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Impact of an ivermectin mass drug administration on scabies prevalence in a remote Australian Aboriginal community

Kearns, Therese M., Speare, Richard, Cheng, Allen C., McCarthy, James, Carapetis, Jonathan R., Holt, Deborah C., Currie, Bart J., Page, Wendy, Shield, Jennifer M., Gundjirryirr, Roslyn, Bundhala, Leanne, Mulholland, Eddie, Chatfield, Mark D. and Andrews, Ross M. (2015). Impact of an ivermectin mass drug administration on scabies prevalence in a remote Australian Aboriginal community<br />. PLoS Neglected Tropical Diseases,9(10 - Article No. e0004151):1-13.

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IRMA ID 10444xPUB9
NHMRC Grant No. 605804
Title Impact of an ivermectin mass drug administration on scabies prevalence in a remote Australian Aboriginal community
Author Kearns, Therese M.
Speare, Richard
Cheng, Allen C.
McCarthy, James
Carapetis, Jonathan R.
Holt, Deborah C.
Currie, Bart J.
Page, Wendy
Shield, Jennifer M.
Gundjirryirr, Roslyn
Bundhala, Leanne
Mulholland, Eddie
Chatfield, Mark D.
Andrews, Ross M.
Journal Name PLoS Neglected Tropical Diseases
Publication Date 2015
Volume Number 9
Issue Number 10 - Article No. e0004151
ISSN 1935-2727   (check CDU catalogue open catalogue search in new window)
eISSN 1935-2735
Scopus ID 2-s2.0-84946020800
Start Page 1
End Page 13
Total Pages 13
Place of Publication United States
Publisher Public Library of Science
Field of Research 110309 - Infectious Diseases
HERDC Category C1 - Journal Article (DIISR)
Scabies is endemic in many Aboriginal and Torres Strait Islander communities, with 69% of infants infected in the first year of life. We report the outcomes against scabies of two oral ivermectin mass drug administrations (MDAs) delivered 12 months apart in a remote Australian Aboriginal community.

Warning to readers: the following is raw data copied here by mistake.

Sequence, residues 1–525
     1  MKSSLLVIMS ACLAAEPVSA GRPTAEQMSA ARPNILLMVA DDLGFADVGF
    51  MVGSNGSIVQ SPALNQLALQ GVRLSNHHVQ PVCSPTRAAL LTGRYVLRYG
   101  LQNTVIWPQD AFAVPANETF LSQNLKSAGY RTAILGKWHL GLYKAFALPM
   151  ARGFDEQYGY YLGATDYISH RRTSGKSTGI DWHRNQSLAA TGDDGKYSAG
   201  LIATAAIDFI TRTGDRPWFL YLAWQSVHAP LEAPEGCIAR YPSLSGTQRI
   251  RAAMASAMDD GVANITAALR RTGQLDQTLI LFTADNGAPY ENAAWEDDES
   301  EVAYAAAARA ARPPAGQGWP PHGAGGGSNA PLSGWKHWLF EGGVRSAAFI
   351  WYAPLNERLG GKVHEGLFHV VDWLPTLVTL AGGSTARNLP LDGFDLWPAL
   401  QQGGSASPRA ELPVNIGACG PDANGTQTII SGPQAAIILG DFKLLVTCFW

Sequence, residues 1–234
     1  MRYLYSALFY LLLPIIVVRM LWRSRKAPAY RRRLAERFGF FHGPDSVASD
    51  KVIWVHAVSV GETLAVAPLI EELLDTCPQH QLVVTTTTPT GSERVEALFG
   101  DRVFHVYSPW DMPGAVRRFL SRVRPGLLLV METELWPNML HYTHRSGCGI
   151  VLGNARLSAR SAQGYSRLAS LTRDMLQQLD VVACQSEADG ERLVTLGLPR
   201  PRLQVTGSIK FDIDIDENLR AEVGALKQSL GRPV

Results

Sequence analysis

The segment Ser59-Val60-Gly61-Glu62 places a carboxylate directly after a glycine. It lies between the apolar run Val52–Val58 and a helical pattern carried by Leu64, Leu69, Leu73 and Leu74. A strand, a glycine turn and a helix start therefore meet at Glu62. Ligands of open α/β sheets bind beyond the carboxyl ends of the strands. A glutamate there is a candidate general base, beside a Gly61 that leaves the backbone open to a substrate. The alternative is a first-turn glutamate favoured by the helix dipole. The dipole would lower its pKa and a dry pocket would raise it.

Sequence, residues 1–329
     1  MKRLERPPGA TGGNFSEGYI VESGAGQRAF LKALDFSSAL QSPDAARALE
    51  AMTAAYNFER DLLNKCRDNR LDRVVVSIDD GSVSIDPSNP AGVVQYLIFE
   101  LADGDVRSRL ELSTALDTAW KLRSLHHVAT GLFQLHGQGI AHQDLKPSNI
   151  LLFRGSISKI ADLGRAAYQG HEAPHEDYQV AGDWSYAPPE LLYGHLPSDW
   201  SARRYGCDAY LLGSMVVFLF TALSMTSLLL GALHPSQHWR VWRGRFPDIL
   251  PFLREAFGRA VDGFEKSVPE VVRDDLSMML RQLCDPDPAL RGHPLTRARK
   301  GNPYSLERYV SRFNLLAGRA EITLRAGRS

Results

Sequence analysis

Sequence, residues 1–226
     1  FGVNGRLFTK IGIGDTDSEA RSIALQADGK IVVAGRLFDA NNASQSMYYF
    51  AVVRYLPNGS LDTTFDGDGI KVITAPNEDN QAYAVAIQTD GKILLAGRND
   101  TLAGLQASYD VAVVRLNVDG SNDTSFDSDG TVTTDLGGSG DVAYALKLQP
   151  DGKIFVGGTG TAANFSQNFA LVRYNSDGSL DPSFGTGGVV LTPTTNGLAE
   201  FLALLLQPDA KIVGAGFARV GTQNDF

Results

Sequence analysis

Utilizing a before and after study design, we measured scabies prevalence through population census with sequential MDAs at baseline and month 12. Surveys at months 6 and 18 determined disease acquisition and treatment failures. Scabies infestations were diagnosed clinically with additional laboratory investigations for crusted scabies. Non-pregnant participants weighing ≥15 kg were administered a single 200 μg/kg ivermectin dose, repeated after 2-3 weeks if scabies was diagnosed, others followed a standard alternative algorithm.


We saw >1000 participants at each population census. Scabies prevalence fell from 4% at baseline to 1% at month 6. Prevalence rose to 9% at month 12 amongst the baseline cohort in association with an identified exposure to a presumptive crusted scabies case with a higher prevalence of 14% amongst new entries to the cohort. At month 18, scabies prevalence fell to 2%. Scabies acquisitions six months after each MDA were 1% and 2% whilst treatment failures were 6% and 5% respectively.


Scabies prevalence reduced in the six months after each MDA with a low risk of acquisition (1-2%). However, in a setting where living conditions are conducive to high scabies transmissibility, exposure to presumptive crusted scabies and population mobility, a sustained reduction in prevalence was not achieved.
Keywords scabies
mass drug administration
DOI   (check subscription with CDU E-Gateway service for CDU Staff and Students  check subscription with CDU E-Gateway in new window)
Additional Notes This is an open access article distributed under the terms of the Creative Commons Attribution License, which permits unrestricted use, distribution, and reproduction in any medium, provided the original author and source are credited. - Data has been deposited into Dryad Digital Repository:
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